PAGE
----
Felicitously, at a recent fête our family found for few funds a fully functional copy of the fast, fun and furious game Fast Flowing Forest Fellers, which was fabricated by the fabulous Friedemann Friese for five or fewer folk.
Alliteration-R-us. I’m sure there are some of you out there who could do better.
Of course, that pretty much covers the review right there, but I’ll go into a little more detail anyway…
Basically this is a race between a bunch of lumberjacks riding logs down a river. You control two or three lumberjacks each (depending on the number of players) and have a deck of cards, each of which allow you to move one of your people a number of spaces, jostling others as you go. The first player to get their whole team past the finish line is the winner.
I’m not sure how a lumberjack riding a log can navigate upstream, mind you, but I’m happy to gloss over that. It doesn’t seem to bother Miss B.
I really rather like this and it is certainly worth the small sum we paid at the school fête (which was rather higher than the stupid asking price). It takes moments to explain and is, for the most part, very intuitive to play. It’s a fun race game with plenty of opportunity to stuff your opposition by shoving them into adverse currents. And it comes with a heap of different boards (some more conducive to stuffage than others), which you pick two of to construct a course for the race meaning that there is plenty of variety to be had.
Miss B got the hang of how the game works almost instantly and liked the fact that there are both boy and girl lumberjacks, which is certainly a good touch. There was a point in our game, though, when Miss B was getting a little frustrated by a current heading in the wrong direction which she kept getting stuck in, but after she got one of my lumberjacks with the same trick, things brightened up significantly.
I’m looking forward to trying this with more players, as that should add to the chaos. A lot of the game seems to be about the jostling; you can make more of your moves by having your lumberjacks push one another along as well as barging the opposition out of the way. Yup, I’m hoping for some more plays of this.
The verdict from Miss B (aged 6¼-odd): “After we played Fast Flowing Forest Fellers I made a giant race track out of all the boards and loads of logs on it just as if a game was going on. If I had to rate it, it would be 8 out of 10. Not the best of games but I’m happy to play it if Mummy or Daddy wants to.”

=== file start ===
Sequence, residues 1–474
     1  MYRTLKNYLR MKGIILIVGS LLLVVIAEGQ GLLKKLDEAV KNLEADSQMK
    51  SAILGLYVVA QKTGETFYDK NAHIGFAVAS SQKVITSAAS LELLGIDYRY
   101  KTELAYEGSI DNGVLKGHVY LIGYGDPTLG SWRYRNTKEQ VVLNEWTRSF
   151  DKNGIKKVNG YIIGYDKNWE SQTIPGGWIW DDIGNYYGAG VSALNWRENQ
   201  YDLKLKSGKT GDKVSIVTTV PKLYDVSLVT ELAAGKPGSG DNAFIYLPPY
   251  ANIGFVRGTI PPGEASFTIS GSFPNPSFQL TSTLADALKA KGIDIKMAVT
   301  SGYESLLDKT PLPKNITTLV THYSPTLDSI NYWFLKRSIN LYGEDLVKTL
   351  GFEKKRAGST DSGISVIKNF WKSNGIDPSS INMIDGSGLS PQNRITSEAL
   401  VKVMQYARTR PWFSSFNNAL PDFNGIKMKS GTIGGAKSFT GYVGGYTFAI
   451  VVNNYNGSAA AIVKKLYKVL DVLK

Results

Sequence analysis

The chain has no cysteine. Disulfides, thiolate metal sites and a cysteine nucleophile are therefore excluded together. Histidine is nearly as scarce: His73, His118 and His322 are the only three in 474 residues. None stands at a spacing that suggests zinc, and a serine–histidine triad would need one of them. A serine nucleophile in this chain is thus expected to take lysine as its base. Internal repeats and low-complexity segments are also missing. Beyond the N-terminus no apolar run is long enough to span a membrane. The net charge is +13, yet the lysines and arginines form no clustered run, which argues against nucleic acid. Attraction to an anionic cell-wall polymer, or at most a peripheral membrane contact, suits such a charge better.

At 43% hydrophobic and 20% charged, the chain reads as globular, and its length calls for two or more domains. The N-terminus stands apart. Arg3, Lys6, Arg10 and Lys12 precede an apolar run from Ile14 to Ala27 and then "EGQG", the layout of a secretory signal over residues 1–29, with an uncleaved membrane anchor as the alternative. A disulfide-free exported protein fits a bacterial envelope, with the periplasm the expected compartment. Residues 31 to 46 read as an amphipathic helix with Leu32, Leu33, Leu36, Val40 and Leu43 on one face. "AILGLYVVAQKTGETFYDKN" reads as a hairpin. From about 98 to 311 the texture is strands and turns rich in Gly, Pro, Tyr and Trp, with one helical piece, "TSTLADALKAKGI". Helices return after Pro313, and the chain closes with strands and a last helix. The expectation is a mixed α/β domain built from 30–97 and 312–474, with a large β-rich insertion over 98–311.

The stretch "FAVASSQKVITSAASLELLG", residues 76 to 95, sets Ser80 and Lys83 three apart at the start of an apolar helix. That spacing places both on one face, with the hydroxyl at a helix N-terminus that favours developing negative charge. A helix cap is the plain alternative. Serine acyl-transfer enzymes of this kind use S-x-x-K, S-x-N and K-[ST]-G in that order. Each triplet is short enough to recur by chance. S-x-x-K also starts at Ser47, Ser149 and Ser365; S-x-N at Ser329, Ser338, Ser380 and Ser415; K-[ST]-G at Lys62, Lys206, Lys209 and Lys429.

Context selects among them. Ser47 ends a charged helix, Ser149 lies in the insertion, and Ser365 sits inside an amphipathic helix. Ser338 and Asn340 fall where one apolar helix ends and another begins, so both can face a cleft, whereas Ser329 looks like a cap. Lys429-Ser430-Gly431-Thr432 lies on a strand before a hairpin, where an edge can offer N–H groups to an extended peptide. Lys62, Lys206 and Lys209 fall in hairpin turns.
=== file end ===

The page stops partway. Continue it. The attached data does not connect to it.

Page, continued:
The game: Fast Flowing Forest Fellers (Rio Grande), 2 to 5 players aged 8+.
Guilds of Cadwallon is a game that has just been delivered (a month or two late) after a massively successful Kickstarter campaign. There are, I believe, a couple of other Cadwallon games out there, set in a fantasy city with some really rather nice but a bit grotesque artwork. It’s basically about playing cute little agent miniatures to take control of cards that are laid out in a 3×3 grid (or, optionally, larger). You play a few rounds of doing this and then make sets of types of card in order to score points.
The game is basically quite a neat, pretty abstract game, but looks nice and has some nice twiddles with action cards that get mixed in with the regular guild cards, plus has optional contract and condition cards which, respectively, give secret bonuses for certain achievements, and make a global change to the game rules. Good stuff, though we only used the basic rules, without contracts and conditions.
The rules are easy to get your head around and Miss B was soon playing with very little advice from me. She found it a little tricky working when and how to play her action cards, but could easily see what she was trying to achieve and have a reasonable go at doing it. I think that with a couple more plays she will start to see the patterns in the game. With the small grid of cards each turn, options are limited, meaning that it is not hard to play and the games zip along and finish pretty quickly.
All in all I am quite pleased with this and am looking forward to playing some more. I think Miss B is up for it, so fingers crossed.
The verdict from Miss B (aged 6¼-odd): “I was the Guild of Blades and Daddy was the Guild of Goldsmiths. It was quite easy to play. If I had to do a rating it would be 10 out of 10. I liked the different people for the wildcards instead of just the one picture for them. There’s a symbol to remind you that it’s a wildcard.”
The game: Guilds of Cadwallon (Cool Mini or Not), 2 to 4 players aged 8+.
I sometimes forget to write about the traditional games that we play. One that crops up once in a while is pick-up sticks. You know, the one where you drop a bunch of wooden sticks on the table or floor and score points for picking up sticks without moving any of the others.
As with a lot of dexterity games this is not exactly my cup of tea, but mixed in with other games (we’ve just played it alongside draughts and Guilds of Cadwallon — about which, more soon) it’s a fun little diversion.
Actually, I think the main thing to write about here is how much the game relies on fair play. More than just about any other game we have played together, players need honesty, integrity, and willingness to accept what is. The game can so easily descend into “You moved the red one!”, “No I didn’t!”, “Did too!” arguments.
From this standpoint (and many others, of course), I am so proud of Miss B. I very rarely need to point out that she has nudged another stick. Sometimes she just drops a stick back in without me noticing anything awry and tells me that she moved one that she didn’t mean to and that it is my turn.